By utilizing smart contracts—which are self-executing contracts with predefined rules encoded on the blockchain—secured transactions can be automated and streamlined. Smart contracts can automatically enforce terms and conditions, trigger actions upon certain events, and reduce the need for intermediaries.
In addition, blockchain’s decentralized nature and consensus mechanisms can help to establish trust among participants. By eliminating reliance on a central authority—such as a bank—and relying on cryptographic verification, blockchain can foster trust in secured transactions. By leveraging blockchain technology and its capabilities, market participants could establish a secure, transparent and efficient transaction environment, allowing them to operate with increased confidence and efficiency.

Blockchain and Proposed UCC Article 12

Proposed UCC Article 12 is agnostic as to the technology used to meet its requirements. As noted above, a CER is a “record stored in an electronic medium that is susceptible to ‘control.’” For a person to have “control” of a CER, the person must have: (i) the power to enjoy “substantially all the benefit” of the CER, (ii) the exclusive power to prevent others from enjoying “substantially all the benefit of the CER” and (iii) the exclusive power to transfer control or to cause another person to obtain control of the CER.
Consider a hypothetical eHELOC on a blockchain:

  • A CER is a “record stored in an electronic medium that is susceptible to ‘control.’”
    • A blockchain creates blocks which are held on a distributed ledger. Each of the blocks would constitute a record stored in an electronic medium.
    • An eHELOC stored in an eVault with a hashed reference on a blockchain would, therefore, meet the first criterion.
  • For a person to have “control” of a CER, the person must have: (i) the power to enjoy “substantially all the benefit” of the CER, (ii) the exclusive power to prevent others from enjoying “substantially all the benefit of the CER” and (iii) the exclusive power to transfer control or to cause another person to obtain control of the CER.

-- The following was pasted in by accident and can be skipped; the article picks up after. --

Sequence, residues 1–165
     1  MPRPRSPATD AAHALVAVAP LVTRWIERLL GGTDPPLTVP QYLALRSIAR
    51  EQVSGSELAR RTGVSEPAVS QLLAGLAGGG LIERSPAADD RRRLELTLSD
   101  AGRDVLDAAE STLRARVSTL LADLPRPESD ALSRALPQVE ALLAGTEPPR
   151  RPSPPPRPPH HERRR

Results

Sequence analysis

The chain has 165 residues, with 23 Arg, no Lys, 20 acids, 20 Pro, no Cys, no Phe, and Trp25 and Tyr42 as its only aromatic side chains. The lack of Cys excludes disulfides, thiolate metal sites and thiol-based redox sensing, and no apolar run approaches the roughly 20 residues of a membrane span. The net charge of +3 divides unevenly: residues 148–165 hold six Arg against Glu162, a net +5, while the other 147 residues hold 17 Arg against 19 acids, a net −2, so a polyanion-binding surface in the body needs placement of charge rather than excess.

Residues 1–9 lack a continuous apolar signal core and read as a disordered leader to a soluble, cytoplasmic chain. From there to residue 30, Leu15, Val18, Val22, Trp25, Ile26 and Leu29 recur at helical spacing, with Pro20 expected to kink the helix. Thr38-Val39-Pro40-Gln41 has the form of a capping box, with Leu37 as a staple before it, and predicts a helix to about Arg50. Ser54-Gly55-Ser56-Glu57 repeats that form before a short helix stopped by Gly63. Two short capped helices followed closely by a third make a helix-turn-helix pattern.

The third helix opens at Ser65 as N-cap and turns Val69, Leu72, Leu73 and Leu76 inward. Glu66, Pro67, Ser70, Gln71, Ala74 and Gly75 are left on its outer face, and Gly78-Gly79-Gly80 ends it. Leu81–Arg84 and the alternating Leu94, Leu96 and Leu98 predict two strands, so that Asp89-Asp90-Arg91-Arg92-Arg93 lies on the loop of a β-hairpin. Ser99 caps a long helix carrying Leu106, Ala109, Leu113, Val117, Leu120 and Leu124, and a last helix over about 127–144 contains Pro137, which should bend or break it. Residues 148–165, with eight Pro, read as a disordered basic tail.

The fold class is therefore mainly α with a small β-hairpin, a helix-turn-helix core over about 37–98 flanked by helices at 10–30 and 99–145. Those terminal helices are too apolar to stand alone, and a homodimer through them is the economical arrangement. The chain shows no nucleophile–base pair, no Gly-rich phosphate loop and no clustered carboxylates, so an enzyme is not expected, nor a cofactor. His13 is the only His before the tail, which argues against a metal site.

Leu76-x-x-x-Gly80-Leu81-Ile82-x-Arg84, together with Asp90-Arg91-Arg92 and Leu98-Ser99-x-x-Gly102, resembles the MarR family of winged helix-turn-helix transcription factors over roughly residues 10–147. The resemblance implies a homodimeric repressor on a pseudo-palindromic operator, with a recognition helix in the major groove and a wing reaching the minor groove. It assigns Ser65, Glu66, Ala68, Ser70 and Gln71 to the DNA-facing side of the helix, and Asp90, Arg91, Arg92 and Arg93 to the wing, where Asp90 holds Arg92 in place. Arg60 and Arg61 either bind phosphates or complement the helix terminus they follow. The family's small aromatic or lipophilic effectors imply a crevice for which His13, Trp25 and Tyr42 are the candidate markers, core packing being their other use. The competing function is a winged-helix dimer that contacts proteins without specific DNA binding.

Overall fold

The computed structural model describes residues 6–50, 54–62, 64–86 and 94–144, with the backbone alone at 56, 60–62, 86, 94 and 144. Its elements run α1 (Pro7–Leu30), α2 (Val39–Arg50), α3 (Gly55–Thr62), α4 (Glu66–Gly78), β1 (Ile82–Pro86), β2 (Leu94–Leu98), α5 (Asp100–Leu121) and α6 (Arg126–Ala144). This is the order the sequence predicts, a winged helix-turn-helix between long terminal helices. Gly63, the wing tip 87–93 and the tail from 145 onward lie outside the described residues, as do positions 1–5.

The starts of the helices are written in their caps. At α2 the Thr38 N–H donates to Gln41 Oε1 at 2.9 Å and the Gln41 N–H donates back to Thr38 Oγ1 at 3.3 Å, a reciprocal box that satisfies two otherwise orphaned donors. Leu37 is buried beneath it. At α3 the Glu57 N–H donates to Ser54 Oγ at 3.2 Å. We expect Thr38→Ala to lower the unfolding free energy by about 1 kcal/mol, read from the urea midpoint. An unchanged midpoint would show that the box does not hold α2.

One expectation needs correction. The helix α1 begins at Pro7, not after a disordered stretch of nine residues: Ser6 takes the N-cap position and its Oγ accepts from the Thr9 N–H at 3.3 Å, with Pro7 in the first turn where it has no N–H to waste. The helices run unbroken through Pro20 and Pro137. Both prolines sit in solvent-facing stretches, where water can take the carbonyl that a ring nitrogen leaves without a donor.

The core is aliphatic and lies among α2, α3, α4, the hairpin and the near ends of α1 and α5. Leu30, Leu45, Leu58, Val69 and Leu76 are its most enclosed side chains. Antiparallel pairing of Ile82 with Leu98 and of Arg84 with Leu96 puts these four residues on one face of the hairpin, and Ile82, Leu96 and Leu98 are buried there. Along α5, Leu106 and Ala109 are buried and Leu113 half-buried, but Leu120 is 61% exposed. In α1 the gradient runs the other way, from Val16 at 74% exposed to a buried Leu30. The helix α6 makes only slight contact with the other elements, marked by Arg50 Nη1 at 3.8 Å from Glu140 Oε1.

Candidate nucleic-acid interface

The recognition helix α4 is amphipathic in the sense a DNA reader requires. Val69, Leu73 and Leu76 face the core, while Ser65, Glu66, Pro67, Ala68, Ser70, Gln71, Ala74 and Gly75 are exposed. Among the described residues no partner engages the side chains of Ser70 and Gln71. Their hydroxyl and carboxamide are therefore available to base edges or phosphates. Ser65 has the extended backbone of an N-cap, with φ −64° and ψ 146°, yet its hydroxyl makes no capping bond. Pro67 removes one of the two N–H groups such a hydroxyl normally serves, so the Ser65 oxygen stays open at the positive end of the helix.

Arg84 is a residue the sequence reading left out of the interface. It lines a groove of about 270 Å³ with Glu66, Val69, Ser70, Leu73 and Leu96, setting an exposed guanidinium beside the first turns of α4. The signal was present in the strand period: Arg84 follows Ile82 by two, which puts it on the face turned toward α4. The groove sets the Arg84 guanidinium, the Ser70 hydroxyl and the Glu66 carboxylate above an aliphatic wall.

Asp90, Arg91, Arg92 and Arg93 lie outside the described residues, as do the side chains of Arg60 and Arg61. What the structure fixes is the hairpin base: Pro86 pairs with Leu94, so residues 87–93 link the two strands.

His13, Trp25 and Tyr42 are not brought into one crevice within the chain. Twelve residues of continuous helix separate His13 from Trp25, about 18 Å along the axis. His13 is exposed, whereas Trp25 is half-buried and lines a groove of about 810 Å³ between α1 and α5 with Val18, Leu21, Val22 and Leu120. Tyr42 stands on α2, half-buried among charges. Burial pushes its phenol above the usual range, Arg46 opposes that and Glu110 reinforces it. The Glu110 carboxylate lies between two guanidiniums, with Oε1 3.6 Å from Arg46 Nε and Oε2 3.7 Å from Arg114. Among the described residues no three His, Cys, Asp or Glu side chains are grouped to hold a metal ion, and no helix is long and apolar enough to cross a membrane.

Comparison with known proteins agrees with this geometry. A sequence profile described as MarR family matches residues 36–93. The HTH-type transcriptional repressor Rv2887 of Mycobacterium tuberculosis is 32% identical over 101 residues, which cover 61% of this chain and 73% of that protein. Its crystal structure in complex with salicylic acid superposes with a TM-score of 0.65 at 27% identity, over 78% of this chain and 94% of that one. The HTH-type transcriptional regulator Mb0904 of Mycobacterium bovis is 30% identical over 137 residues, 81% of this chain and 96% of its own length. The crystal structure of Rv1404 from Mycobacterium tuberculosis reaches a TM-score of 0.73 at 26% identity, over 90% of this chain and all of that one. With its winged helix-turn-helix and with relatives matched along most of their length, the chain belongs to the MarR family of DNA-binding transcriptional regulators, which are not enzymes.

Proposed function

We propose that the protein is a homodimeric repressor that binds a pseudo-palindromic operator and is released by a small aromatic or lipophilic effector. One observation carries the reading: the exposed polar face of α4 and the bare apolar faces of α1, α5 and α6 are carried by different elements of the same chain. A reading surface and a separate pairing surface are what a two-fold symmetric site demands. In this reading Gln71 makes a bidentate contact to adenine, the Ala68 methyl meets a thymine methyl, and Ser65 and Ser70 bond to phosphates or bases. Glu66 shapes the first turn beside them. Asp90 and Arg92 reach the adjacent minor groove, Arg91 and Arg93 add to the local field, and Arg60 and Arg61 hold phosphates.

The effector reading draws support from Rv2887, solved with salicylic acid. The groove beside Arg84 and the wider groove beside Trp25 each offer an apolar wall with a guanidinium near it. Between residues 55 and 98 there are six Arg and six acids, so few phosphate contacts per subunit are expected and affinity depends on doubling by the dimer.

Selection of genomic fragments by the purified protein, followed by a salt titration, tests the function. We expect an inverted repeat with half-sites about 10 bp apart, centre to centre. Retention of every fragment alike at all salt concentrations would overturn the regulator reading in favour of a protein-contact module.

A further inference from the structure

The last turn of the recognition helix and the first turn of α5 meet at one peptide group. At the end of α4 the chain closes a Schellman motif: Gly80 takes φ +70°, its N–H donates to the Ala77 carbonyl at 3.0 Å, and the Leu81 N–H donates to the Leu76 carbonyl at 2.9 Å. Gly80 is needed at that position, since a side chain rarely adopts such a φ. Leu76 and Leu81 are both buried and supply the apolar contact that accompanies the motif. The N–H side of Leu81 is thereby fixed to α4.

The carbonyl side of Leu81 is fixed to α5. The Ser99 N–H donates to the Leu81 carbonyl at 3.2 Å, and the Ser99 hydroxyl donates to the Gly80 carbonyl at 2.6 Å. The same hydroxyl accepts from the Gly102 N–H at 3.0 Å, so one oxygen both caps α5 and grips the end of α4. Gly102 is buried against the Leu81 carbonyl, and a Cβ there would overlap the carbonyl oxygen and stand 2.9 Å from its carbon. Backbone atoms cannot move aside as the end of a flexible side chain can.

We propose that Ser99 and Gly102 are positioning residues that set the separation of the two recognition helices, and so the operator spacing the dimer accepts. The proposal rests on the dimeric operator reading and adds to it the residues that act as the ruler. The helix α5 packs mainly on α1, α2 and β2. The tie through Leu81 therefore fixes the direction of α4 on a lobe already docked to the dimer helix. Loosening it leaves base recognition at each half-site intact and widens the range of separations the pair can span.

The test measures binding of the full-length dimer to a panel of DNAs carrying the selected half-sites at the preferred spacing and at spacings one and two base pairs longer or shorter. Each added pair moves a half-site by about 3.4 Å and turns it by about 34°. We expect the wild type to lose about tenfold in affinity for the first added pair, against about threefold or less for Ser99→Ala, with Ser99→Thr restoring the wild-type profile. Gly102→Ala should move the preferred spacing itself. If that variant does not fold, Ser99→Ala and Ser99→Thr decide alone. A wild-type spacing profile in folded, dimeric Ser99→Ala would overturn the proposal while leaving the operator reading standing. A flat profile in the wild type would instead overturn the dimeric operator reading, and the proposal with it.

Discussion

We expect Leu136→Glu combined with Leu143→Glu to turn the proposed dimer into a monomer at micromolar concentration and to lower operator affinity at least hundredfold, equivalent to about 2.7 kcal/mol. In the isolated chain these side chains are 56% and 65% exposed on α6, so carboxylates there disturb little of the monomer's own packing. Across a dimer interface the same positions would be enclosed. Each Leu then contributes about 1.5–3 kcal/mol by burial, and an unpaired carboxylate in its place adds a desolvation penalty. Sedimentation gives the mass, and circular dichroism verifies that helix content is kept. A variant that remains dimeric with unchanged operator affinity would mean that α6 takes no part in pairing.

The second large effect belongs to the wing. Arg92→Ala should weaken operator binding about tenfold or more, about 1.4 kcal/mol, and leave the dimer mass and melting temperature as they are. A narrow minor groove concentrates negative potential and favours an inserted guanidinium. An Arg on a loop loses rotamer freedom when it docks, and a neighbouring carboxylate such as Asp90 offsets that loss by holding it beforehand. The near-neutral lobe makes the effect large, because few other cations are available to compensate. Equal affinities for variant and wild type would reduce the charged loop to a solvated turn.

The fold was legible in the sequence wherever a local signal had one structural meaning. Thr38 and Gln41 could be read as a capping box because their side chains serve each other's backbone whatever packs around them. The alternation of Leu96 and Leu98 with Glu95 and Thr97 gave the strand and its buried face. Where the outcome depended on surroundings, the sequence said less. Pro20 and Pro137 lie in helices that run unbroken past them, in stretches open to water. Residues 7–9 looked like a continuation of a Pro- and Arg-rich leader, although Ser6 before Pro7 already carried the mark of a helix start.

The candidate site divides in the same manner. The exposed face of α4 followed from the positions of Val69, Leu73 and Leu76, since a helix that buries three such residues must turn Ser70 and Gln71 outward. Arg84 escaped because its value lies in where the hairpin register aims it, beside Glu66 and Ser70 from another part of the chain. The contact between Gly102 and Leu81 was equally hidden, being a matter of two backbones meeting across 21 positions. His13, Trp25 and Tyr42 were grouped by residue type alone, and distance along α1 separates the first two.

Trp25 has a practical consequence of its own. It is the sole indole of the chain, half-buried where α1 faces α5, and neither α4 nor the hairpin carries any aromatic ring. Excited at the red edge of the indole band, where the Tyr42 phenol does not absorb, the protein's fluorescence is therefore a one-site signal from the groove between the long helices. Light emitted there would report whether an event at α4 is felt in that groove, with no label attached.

• A blockchain is built on immutable blocks, cryptographically hashed and related to each other.
    • An eHELOC represented on a blockchain would, by definition, be represented by a unique and immutable hashed value. This makes the value exclusively tied to the underlying eHELOC, and—assuming suitable controls for the blockchain—the ability of the holder of that hash value the sole person able to meet the second leg of the test above.

In much the same way that MERS® eRegistry operates as the registry for eNotes, a blockchain, suitably designed or adapted for use with eHELOCs, could easily meet the requirements for establishing CERs for eHELOCs, and simplify the trading of them. Moreover, many blockchains are built with ‘smart contract’ software in mind. Smart contracts are self-executing software programs that can be designed to do any number of tasks. Again, taking the hypothetical origination—warehouse financing or trading of an eHELOC—smart contracts on a blockchain can automate many tasks:

  • A smart contract can be built to validate fields such as verifying existence of the asset on the blockchain, its ownership and its availability (e.g., absence of contrary rightsholders), and the post-transaction transfer of rights to the eHELOC/CER.
  • A smart contract can be built to track specific data fields within the eHELOC (e.g., matching mortgagor name and address on the HELOC and the mortgage, verifying maturity, maximum line of credit, and other fields that investors or warehouse lenders value) and generate reports accordingly, simplifying the “stare and compare” work of custodians with paper records.
  • A smart contract can be built to execute transactions on an “if/then” basis. For example, in flow purchase arrangements, once an eHELOC meets defined criteria (e.g., “buy box” compliance, return of recorded mortgage, etc.) a sale ticket can be generated for confirmation and transmitted electronically, simplifying the manual tracking of the pipeline.

Challenges Associated with Blockchain

While blockchain holds much promise when it comes to implementing the benefits of proposed UCC Article 12 for eHELOCs, there are some pitfalls and potential challenges. These include recent scrutiny surrounding blockchain, the state of current regulations, and the lack of a clear market leader in the blockchain space for assets of this type.